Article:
Calories 1,500
Cups of Kibble Three Bowls of Kibble Required per Day

Being slightly smaller, the Miniature Golden Retriever will also eat slightly less than a full-size retriever.

They are described as being medium sized (weighing in typically around 50 pounds) so will eat on average 30 calories per pound of body weight per day. If your designer mix is weighing in at 50 pounds, he will eat around 1,500 calories per day.

This will vary depending on activity level; highly active dogs will eat more calories as they use more.

Ensure the food you are feeding is good quality and it meets your dog’s daily nutrient requirements. As a puppy, 22% of his diet should consist of protein sources and 8% of his diet should consist of fatty sources. Once matured 18% of his diet should be made up of protein and 5% fat.

Water is another essential requirement for your Retriever mix, dehydration can be a serious issue, especially active dogs in hot climates. For this reason, clean, fresh water should always be available for him to drink.

How much he drinks will often be influenced by the type of food you feed. Canned food contains on average between 60-90% water whereas dry kibble contains between 3-11% water. For this reason, you would expect dogs fed a dry diet to drink more water than those fed a canned diet.

Exercise Requirements

Daily Exercise Requirements
Minutes Over 60
Activity Level This is a high activity dog breed

Speaking of walking, your Mini Retriever will certainly need his daily exercise. Ideally between 30-60 minutes will keep him in shape, with some mental stimulation thrown in for good measure.

With both purebred parents (Golden Retriever and Poodle) coming from working lines, the endurance and need to be active is still present. For this reason they make perfect hiking buddies.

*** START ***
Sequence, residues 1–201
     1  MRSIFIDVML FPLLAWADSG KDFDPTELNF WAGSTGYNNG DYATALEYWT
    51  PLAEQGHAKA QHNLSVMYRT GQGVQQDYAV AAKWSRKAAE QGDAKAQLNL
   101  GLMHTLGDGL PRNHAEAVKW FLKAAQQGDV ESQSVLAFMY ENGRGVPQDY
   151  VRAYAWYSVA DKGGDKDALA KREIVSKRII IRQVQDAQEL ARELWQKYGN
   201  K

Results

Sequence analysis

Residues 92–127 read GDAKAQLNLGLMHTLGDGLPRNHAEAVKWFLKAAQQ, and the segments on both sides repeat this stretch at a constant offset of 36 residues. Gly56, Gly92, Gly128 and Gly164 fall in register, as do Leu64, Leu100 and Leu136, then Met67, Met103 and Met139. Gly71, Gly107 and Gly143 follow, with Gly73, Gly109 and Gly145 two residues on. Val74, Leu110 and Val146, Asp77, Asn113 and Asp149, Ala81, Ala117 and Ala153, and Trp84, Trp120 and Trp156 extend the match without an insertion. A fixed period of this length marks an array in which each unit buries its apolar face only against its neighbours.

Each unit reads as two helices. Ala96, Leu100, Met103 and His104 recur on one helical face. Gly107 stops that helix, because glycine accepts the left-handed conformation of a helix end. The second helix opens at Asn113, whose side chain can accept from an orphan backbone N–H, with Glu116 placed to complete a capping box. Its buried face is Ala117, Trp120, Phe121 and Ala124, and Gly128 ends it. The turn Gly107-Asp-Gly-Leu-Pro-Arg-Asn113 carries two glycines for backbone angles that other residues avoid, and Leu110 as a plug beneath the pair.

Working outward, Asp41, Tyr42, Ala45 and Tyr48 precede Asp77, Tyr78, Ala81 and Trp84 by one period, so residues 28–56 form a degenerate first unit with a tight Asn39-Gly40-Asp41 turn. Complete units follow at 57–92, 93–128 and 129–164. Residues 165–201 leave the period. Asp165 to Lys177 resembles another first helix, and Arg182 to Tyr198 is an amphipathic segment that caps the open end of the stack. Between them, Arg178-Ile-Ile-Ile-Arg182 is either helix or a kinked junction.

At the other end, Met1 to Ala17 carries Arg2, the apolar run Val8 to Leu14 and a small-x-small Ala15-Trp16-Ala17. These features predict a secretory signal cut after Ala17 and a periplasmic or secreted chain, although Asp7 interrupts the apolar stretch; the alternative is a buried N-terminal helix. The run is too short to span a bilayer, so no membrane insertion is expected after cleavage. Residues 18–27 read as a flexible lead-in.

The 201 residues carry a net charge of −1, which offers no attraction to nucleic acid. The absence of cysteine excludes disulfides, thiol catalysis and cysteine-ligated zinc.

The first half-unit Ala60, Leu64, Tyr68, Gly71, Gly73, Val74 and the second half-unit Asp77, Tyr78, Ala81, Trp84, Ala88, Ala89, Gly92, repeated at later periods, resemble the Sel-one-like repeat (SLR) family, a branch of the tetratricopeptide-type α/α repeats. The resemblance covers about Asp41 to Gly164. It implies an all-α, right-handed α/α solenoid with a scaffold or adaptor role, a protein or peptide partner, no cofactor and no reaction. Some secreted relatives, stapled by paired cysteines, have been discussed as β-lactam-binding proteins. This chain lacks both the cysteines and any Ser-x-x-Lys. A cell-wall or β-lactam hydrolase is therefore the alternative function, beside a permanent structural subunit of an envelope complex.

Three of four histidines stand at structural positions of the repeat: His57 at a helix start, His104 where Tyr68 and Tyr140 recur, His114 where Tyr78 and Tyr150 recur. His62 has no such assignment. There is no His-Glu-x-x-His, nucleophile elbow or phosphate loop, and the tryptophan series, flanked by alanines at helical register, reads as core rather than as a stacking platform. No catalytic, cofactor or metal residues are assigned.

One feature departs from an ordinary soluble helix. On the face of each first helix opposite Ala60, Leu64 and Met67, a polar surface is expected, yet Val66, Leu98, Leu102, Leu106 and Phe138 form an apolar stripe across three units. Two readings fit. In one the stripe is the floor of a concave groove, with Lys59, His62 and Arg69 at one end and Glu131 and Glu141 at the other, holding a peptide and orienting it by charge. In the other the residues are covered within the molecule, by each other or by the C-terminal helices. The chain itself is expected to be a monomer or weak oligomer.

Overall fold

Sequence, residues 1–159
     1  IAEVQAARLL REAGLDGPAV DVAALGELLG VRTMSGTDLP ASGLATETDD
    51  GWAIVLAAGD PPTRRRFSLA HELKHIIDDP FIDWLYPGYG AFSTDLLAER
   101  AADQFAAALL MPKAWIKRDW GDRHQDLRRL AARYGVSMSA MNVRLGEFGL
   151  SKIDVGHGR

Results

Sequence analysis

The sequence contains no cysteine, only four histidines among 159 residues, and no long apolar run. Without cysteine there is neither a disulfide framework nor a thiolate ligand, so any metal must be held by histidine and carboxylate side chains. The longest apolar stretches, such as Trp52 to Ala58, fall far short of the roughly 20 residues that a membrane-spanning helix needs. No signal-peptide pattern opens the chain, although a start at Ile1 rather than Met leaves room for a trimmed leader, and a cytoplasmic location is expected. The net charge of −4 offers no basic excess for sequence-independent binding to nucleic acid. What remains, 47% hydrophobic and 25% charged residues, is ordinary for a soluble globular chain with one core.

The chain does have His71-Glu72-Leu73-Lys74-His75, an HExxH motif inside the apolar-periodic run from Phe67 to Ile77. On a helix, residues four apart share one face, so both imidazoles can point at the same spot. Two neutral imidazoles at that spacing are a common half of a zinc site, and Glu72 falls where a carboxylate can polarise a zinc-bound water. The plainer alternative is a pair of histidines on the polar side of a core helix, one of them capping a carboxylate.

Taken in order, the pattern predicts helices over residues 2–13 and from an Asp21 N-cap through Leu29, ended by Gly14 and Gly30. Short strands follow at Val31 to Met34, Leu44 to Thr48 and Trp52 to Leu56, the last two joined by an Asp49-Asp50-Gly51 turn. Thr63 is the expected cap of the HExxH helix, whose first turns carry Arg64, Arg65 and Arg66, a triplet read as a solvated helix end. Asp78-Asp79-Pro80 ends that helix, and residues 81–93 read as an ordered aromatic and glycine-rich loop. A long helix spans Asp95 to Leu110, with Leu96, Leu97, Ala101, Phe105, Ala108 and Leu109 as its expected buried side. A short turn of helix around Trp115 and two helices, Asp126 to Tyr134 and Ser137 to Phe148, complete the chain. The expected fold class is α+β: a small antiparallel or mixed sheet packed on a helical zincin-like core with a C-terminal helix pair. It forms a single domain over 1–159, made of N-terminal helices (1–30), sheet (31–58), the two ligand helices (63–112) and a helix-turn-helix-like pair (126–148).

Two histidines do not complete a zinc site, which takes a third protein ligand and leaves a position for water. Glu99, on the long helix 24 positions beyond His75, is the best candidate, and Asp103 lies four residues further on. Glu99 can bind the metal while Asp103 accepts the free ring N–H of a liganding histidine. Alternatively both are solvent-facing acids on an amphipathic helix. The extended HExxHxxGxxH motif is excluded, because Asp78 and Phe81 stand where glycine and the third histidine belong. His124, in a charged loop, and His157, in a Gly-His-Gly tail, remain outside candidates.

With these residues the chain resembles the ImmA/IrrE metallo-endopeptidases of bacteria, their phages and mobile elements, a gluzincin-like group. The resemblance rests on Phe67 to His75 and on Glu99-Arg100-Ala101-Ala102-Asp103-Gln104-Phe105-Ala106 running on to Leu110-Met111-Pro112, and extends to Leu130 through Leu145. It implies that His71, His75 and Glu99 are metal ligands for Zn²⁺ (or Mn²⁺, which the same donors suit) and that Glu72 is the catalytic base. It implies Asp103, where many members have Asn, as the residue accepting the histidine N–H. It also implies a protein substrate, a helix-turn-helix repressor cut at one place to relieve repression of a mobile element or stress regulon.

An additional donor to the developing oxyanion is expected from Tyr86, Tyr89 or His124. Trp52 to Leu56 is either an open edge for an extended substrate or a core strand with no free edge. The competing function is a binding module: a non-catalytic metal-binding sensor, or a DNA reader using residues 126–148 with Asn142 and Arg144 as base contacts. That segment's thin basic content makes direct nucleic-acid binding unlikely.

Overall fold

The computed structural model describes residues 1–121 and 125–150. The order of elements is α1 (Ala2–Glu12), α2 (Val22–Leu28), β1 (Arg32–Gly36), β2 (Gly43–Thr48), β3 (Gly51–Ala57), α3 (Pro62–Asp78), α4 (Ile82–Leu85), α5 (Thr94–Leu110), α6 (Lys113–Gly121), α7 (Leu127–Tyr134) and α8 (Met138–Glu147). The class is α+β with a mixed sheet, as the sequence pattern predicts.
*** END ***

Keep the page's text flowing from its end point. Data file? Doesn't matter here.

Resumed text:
Not just active, they are very playful, their ancestors were retrievers after all. They will play ball all day if you let them and the bonus is, you’ll always have something to keep him occupied. With early training and socializing, they excel in obedience, agility, flyball and water tests.

When trained successfully, you can happily walk them off leash giving them more opportunity to explore. As always, be mindful when walking any dog off leash and abide by the basic rules of dog walking etiquette:

  • If you see another dog on leash, recall yours back and put them on leash.
  • If you can’t see ahead, put your dog on leash.

On the subject of successful training…

Training a Mini Golden Retriever

Like all dogs, this hybrid responds best to positive reinforcement and reward-based training and like other Lab mixes they are very intelligent.

They learn through operant conditioning, this means they are either more or less likely to repeat a behavior based on its consequence:

  • A positive consequence will encourage the behavior
  • A negative consequence will diminish the behavior

When your Mini Retriever is behaving as you want (e.g. playing nicely, reacting correctly to a command) praise and reward him; maybe with a tasty snack. When he is displaying unwanted behavior, ignore or re-direct. For example:

He’s decided to run through the kitchen with your slipper – find one of his toys, get his attention and swap the slipper for the toy. Punishment doesn’t deter behavior it just creates and exacerbates problematic behavior.

The other key element in avoiding problematic behavior is early and continued socialization. When we talk about socialization, we’re not just focusing on mixing with other dogs. We’re talking about him meeting people, different people wearing different clothes or cyclists wearing helmets. We’re talking about him experiencing strange and new noises, machinery, equipment and appliances. Everything the modern world has on offer.

When a dog experiences something, they make a connection in their brain, they also make the association of whether this was a positive or negative experience. We need to introduce new things in a safe and controlled way.